The comments by Iraq's deputy foreign minister hardly caused a stir when they appeared Saturday in Asharq al Awsat, an Arabic newspaper published across the Middle East. But they are a strong indication of the depth of the Bush Administration's military commitment to the region. "Iraq needs a new resolution to determine the shape of the relationship between the two countries and how to cooperate with the U.S. forces," Labid Abawi was quoted as saying. "We will ask the Council to include an article that allows Iraq to enter into negotiations with the United States to reach long-term security agreements to meet Iraq's security needs bilaterally."
It all seemed to be standard diplo-speak, designed to set up a provision calling for lower numbers of U.S. forces. But a close parsing of the statement shows that Abawi and the government of Iraq are seeking to replace the existing United Nationssponsored pact permitting U.S.-led forces in Iraq, establishing in its place a long-term, bilateral security agreement directly between Iraq and the United States. And while the proposed details have yet to emerge, similar U.S. agreements with other nations in the region including Bahrain, Kuwait, Saudi Arabia, the United Arab Emirates and Qatar have all involved a 10-year "protection" period, at minimum.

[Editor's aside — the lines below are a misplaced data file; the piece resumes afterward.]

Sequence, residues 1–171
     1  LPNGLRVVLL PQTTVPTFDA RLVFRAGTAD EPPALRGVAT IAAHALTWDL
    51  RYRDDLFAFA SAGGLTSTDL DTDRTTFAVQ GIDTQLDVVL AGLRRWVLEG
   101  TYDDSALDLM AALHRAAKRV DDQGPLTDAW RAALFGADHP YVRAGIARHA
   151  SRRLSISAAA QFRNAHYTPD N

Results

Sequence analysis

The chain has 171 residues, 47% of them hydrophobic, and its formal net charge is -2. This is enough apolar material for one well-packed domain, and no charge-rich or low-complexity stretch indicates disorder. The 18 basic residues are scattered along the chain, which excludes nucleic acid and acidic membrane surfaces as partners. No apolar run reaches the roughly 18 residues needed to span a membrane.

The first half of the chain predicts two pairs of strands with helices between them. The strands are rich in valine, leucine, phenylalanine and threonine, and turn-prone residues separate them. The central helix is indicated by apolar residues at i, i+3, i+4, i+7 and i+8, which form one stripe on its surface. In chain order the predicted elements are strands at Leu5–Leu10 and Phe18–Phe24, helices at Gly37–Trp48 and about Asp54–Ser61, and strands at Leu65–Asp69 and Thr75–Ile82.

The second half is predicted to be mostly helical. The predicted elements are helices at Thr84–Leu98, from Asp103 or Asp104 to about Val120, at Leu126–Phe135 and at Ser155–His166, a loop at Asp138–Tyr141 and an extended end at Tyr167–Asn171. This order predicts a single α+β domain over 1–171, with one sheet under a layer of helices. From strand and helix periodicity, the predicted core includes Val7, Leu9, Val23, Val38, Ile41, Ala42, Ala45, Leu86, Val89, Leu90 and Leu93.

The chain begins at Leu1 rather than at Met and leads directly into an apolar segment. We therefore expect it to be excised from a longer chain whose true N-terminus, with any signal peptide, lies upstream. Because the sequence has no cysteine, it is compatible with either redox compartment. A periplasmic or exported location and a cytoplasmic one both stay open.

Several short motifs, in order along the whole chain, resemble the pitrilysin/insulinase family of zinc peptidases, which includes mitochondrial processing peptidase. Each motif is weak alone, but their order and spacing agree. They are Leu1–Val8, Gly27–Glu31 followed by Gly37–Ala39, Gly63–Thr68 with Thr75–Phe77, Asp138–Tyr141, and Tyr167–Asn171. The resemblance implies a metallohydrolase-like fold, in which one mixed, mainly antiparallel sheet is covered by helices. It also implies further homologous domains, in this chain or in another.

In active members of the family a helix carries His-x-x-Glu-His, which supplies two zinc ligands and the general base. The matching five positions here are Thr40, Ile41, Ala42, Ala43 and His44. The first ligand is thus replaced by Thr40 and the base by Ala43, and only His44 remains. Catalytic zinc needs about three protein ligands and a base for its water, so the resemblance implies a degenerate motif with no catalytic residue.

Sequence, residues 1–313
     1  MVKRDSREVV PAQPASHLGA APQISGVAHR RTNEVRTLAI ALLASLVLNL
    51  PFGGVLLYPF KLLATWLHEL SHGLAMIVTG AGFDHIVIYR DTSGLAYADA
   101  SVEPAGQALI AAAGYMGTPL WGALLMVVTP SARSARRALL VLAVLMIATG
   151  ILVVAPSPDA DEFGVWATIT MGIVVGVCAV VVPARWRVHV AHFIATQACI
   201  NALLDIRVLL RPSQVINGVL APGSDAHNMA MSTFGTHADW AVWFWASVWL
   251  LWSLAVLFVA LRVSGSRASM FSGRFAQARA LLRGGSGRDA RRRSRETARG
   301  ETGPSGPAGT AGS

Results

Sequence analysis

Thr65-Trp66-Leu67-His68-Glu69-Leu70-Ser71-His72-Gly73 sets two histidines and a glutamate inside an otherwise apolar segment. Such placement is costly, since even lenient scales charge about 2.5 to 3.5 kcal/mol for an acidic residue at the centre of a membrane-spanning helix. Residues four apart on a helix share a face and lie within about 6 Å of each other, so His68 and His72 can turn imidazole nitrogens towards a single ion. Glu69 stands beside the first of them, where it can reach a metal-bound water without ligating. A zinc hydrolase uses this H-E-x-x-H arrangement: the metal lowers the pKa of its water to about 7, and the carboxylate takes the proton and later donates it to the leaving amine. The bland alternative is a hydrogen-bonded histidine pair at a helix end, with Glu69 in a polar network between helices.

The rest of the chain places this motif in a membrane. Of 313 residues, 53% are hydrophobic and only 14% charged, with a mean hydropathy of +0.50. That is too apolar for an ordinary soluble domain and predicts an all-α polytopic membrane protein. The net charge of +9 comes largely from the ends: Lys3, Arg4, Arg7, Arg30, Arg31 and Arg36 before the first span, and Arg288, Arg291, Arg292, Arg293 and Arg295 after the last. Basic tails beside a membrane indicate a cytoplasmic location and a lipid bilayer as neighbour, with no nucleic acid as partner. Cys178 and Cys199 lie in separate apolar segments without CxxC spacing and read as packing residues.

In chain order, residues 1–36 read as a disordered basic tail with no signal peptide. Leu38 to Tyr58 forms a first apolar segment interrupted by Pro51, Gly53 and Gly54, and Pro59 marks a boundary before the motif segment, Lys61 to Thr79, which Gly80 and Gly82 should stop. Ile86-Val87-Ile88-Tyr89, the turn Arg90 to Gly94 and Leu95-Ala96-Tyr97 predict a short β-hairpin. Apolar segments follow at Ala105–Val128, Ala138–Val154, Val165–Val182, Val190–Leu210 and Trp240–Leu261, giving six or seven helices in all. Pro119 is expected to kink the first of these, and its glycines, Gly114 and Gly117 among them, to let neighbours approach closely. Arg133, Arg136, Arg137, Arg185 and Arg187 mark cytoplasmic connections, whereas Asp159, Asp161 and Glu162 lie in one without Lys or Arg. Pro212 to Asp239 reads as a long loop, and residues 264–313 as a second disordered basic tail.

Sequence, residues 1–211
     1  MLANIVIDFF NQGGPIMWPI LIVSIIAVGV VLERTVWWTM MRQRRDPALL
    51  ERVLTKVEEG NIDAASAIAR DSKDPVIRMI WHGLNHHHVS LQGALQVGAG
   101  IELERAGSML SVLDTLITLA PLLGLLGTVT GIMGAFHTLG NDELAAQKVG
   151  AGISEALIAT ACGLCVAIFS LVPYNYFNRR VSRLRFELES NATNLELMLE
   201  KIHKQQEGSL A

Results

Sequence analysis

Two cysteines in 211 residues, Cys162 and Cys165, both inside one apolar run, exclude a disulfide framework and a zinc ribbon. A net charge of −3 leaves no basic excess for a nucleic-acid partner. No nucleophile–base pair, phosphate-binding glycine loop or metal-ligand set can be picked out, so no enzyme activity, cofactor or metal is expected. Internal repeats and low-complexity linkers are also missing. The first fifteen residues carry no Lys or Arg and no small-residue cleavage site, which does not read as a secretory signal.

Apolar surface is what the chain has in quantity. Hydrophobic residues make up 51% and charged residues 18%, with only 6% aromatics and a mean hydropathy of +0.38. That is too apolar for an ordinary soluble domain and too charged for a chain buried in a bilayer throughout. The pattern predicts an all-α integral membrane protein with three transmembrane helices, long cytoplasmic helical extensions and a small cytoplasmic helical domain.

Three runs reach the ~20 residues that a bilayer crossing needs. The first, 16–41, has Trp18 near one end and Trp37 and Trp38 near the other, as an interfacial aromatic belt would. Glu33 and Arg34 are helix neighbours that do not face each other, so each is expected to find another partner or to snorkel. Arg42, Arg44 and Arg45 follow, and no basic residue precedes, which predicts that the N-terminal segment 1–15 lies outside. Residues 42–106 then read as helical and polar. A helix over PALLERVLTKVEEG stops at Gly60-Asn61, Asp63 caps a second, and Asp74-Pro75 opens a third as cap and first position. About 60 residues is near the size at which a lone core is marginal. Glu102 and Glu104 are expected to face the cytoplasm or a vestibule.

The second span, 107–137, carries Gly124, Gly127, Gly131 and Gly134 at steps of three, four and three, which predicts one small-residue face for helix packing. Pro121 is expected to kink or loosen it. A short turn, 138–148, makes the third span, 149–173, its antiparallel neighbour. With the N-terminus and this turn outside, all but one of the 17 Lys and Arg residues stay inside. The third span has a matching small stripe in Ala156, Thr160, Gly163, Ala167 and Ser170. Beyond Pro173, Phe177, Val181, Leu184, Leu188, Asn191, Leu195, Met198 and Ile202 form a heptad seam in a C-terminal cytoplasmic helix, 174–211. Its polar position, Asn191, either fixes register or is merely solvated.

The exact parameters of the deals for each country are classified. But generally the agreements function like 10-year protection contracts saying that the United States will guarantee the security of a signatory country. In return, the United States is allowed to base troops, dock ships and store military hardware in those countries in furtherance of its efforts to project force in the Middle East.
For months in Washington, endless discussions about how and when U.S. troops should leave Iraq have failed to include any meaningful dialogue on the reality both the current Iraqi government and the Bush Administration seem to have accepted: U.S. troops are not leaving, at least not in any great number any time soon. If the agreement Abawi outlined comes to pass, U.S. forces would remain in Iraq in significant numbers for at least another decade if not longer.
Through its agreements with nations in the region, the U.S. military has steadily built up its presence in the Persian Gulf over the decades as it has faced foes such as Saddam Hussein's Iraq and, these days, Mahmoud Ahmadinejad's Iran. The United Arab Emirates, for example, signed a bilateral defense pact with the United States in 1994. The terms of that agreement remain classified, but the presence of U.S. forces in this corner of the Middle East is hardly a secret. About 1,800 U.S. military personnel, mostly with the Air Force, live on military bases here. And the U.A.E. Port of Jebel Ali, one of the few docks capable of handling a U.S. aircraft carrier, gets more visits from Navy ships than any other port outside the United States. Qatar signed a bilateral defense pact with the United States in 1992. Today, the sprawling al-Udeid airbase there is home to roughly 6,000 troops. Another 3,400 or so troops live at As-Sayliyah, a massive storage facility where the United States keeps things like tanks and Bradley fighting vehicles ready for use in the Middle East, ostensibly in case of conflict with the remaining U.S. rival in the region, Iran.
How long do such bilateral agreements last? In February of 1998, the United States marked the 50th anniversary of its naval command center in Bahrain. About 3,000 military personnel, mostly from the Navy, currently live there on yet another huge base. The complex covers roughly 100 acres, but there are plans to expand.